Best wishes from Katie-Louise

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  3. When I read this blog originally I thought your tip about stamping on the paper side of masking film was a great tip. However it has occurred to me that this will only work if the stamp is symmetrical (as yours was) because otherwise the mask will only match the stamped image sticky side up!!!

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  4. Great card, John, glad to see its not just my desk that looks like that after making backgroundss

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  5. That is one lovely card John – the stamping system has more uses that you first imagine, What about demoing on C&C – always like your shows.

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  6. Love this card John. I wish you demo’d more often on C&C as you explain really well. I don’t have the stamping gears but it certainly is a good way to create regular designs. I have just found your blog thanks to Nigel May.
    Chris Kelly ( aka Catwithoneear)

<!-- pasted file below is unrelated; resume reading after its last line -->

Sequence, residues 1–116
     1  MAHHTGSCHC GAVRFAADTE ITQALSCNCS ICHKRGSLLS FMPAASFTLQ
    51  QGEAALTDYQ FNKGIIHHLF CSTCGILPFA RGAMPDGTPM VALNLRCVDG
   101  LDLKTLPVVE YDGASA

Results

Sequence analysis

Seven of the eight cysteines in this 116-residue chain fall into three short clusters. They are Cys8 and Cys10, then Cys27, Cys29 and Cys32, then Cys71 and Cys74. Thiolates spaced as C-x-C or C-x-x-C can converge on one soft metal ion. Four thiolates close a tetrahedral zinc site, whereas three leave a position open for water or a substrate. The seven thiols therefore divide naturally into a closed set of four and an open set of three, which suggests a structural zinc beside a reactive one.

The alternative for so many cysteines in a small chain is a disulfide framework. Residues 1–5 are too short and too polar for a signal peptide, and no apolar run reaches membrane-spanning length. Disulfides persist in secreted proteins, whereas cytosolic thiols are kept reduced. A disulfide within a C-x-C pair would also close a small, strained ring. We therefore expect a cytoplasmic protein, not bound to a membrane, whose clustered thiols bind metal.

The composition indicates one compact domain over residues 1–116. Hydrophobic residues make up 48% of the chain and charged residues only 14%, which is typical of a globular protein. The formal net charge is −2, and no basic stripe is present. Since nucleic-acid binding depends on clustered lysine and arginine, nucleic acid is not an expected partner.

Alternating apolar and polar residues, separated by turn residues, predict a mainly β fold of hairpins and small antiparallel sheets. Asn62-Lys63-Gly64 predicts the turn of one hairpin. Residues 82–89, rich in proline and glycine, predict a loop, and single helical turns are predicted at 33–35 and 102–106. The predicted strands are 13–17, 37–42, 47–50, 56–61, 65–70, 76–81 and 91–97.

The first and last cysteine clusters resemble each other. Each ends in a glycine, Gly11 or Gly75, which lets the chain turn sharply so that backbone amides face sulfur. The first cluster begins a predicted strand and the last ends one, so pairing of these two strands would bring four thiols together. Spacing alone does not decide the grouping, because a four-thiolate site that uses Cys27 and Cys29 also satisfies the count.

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    • Lol, Jackie, thank you for the compliment.

      It actually took me several days (on and off) to experiment with layouts, but yes, the actual card did take some time (about a morning’s work if I didn’t stop for a cup of tea and a bit to eat), but it was honestly cutting the masks that took the longest time. All of the stamping and blending was actually quite quick and painless.

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  7. Morning John, all I can say is WOW! The detail of instructions and the picture stages are fantastic. Must start a wish list for more gear stamps! have a good day x.

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  8. Excellent John!!! I love the composition. It took a bit of thinking out. They also look like pages from a book or notelets so you could put a poem or a quote in the center. Love it XX